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    Its Not My Knee Replacement That Is The Problem It Is My Other Knee Expanding On The Other Knee Problem

    In Australia, doctors at the University of Wollongong, examining why patients who should be able to kneel after knee replacement, did not kneel, wrote in the Journal of Orthopaedics and Traumatology , about the problems of the other, non-replaced knee.

    Here is what they found:

    • Seventy-two percent of patients in this study could, or thought they could kneel at 12 months post knee replacement
    • However, some did not because of the pain and discomfort they felt during kneeling.
    • BUT, it was not the pain and discomfort in the replaced knee, 75 % of the patients in this study had other health concerns why they could not kneel including obesity, other health problems, but the number one reason was problems with the other knee.

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    Walking Two Weeks After Knee Replacement

    In this article I will talk about my experiences walking after TKR surgery. I will begin with my first walk 4 hours after my surgery and continue sharing my experiences walking during the first two weeks post surgery. I had a few questions for my physical therapist that included?

    • How much should you walk after surgery?
    • How far should you walk after knee replacement surgery?

    I began walking with a walker, transitioned to walking poles, then one walking pole and finally to walking on my own without support. I was surprised that my medical team had me up walking so fast.

    During my first walk I felt like I would need the walker for a long period of time. This wasnt the case as I made steady progress until I was able to walk without any support.

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    Do I Still Take My Normal Medications Before Surgery

    Inform your surgeon about all of your medications, both over-the-counter and prescription. Some medications dont react well with anesthesia, and others such as aspirin, ibuprofen and blood thinners increase bleeding. For these reasons, you may need to stop taking certain medications before your hip replacement. If youre taking aspirin or aspirin-based medication for arthritis, you must stop taking these two weeks before your surgery. If youre taking medications for other medical problems, dont discontinue taking these without checking with your primary healthcare provider. Make sure to bring a list of all medications, the dosages and how often you take them. This includes all herbal supplements and vitamins. This is important information that will be documented in your hospital records.

    How Soon After Total Knee Replacement Will I Be Able To Walk

    Best Way To Use A Cane Or Walker After Hip Or Knee Replacement

    A new total knee replacement recipient will be walking with a physical therapist in the hospital the day after the surgery.The patient will be required to demonstrate the ability to walk with a walker before being discharged from the hospital.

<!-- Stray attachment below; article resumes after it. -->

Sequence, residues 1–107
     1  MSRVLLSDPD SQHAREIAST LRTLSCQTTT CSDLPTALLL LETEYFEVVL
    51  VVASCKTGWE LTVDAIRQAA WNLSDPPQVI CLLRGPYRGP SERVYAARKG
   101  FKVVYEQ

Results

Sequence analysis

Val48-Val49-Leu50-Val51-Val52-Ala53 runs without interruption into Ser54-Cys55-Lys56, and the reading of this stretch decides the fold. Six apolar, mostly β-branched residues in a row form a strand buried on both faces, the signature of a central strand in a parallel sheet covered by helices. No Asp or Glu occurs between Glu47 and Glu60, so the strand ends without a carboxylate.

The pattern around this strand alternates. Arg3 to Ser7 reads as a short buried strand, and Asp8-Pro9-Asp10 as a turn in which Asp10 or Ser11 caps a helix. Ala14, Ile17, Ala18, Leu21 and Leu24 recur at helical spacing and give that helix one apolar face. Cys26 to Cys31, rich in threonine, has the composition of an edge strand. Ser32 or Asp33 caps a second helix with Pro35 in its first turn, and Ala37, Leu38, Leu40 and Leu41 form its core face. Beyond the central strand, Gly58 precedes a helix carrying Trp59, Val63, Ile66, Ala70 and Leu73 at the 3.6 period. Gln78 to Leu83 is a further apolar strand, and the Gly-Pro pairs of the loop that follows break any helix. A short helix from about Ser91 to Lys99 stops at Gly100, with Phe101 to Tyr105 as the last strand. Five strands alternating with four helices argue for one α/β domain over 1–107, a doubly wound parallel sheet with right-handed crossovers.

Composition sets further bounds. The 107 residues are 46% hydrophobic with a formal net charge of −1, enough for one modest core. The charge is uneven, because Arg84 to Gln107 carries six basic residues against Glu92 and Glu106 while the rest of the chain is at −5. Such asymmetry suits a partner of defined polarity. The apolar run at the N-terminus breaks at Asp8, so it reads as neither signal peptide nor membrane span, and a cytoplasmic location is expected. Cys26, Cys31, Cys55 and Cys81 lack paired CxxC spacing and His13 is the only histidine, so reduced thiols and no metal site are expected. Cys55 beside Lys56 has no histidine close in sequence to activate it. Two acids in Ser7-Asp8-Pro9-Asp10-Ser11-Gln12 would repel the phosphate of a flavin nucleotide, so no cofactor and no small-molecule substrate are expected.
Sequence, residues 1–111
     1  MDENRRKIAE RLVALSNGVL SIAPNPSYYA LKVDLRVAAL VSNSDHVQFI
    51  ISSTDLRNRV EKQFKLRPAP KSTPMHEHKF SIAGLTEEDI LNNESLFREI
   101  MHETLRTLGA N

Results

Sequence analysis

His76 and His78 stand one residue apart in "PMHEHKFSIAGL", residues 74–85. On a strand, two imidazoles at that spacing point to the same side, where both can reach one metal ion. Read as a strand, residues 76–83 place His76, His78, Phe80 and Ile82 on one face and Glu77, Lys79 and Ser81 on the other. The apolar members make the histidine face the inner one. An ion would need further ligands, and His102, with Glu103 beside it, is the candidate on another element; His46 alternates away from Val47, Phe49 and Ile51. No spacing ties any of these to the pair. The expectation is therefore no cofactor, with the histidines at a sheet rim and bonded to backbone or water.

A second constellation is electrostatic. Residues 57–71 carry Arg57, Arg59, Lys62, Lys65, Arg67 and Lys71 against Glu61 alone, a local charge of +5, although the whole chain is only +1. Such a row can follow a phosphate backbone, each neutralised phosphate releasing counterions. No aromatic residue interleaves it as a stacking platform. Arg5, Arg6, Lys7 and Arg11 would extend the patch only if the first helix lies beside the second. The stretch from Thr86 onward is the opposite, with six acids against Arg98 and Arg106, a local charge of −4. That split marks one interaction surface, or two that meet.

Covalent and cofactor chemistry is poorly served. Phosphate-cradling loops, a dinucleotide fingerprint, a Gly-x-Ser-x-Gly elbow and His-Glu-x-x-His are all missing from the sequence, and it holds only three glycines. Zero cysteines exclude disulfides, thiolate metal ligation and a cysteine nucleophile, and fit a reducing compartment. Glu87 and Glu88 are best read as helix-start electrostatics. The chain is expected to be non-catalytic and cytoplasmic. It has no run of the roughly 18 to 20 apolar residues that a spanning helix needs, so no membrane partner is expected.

Most hospital records I read, before seeing the Total Knee Replacement patient in their home to initiate home health physical therapy, reports the patient has usually ambulated with a physical therapist about 150 feet using a front wheeled walker.

    Additionally, if the total knee recipient has stairs at home to negotiate, the therapist will train the patient on stair climbing and the patient will be required to demonstrate going up and down stairs safely.

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    How To Go Down The Stairs With A Cane After Hip Surgery

    First of all, slow down and take a deep breath. Make sure you are not shaky and you are ready to overcome this obstacle. Now, slowly follow these steps. Hold the rail with one hand and the cane in the other. With your weight on your good leg, step down with your operated leg and cane. Using the cane and rail for balance, slowly bring your good leg down to the same step.

    What Could Slow Down My Recovery

    As with any surgery, there is some risk of complications during and after a hip replacement, which may include infection at the incision site, bone fractures and hip dislocations, explains Thakkar. If you notice a fever, drainage from the incision site, difficulty moving your hip or severe pain that is not relieved by your medication, contact your doctor immediately.

    Taking rehabilitation at a comfortable pace and avoiding sudden, sharp movements can help prevent dislocations and falls that may delay the recovery.

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    What Causes A Stiff Knee After Tka And How Can It Be Prevented

    Dr. Jesse Otero answers ICJRs questions about the most common causes of knee stiffness after total knee arthroplasty, what to do if a patient presents with stiffness, and when to consider a revision procedure.

    ICJR: What is the definition of a stiff knee after total knee arthroplasty ?

    Jesse E. Otero, MD, PhD: The goals of TKA are to relieve pain and restore function in patients with moderate to advanced osteoarthritis who have exhausted conservative treatments but still have knee pain that interferes with their activities of daily living. In most patients minds, the ideal result of TKA would be a knee that moves and feels the way it did in a more youthful time.

    Before discussing stiffness after TKA, it is essential to first review normal native knee motion in relation to the activities patients routinely perform. Laubenthal et al presented a quantitative analysis of knee motion required to achieve normal activities of daily living. In this classic article, the authors used an electro-goniometer to show that on average:

    • 83° of flexion is required for climbing stairs
    • 93° of flexion is required for sitting
    • 106° of flexion is required for tying a shoe
    • 117° of flexion is required for squatting to lift an object

    The widely accepted target after TKA, based on this study, is 120° of knee flexion. In objective terms, therefore, knees that fail to achieve 120° of flexion after surgery are commonly considered to be stiff.

    ICJR: What are the most common causes of knee stiffness?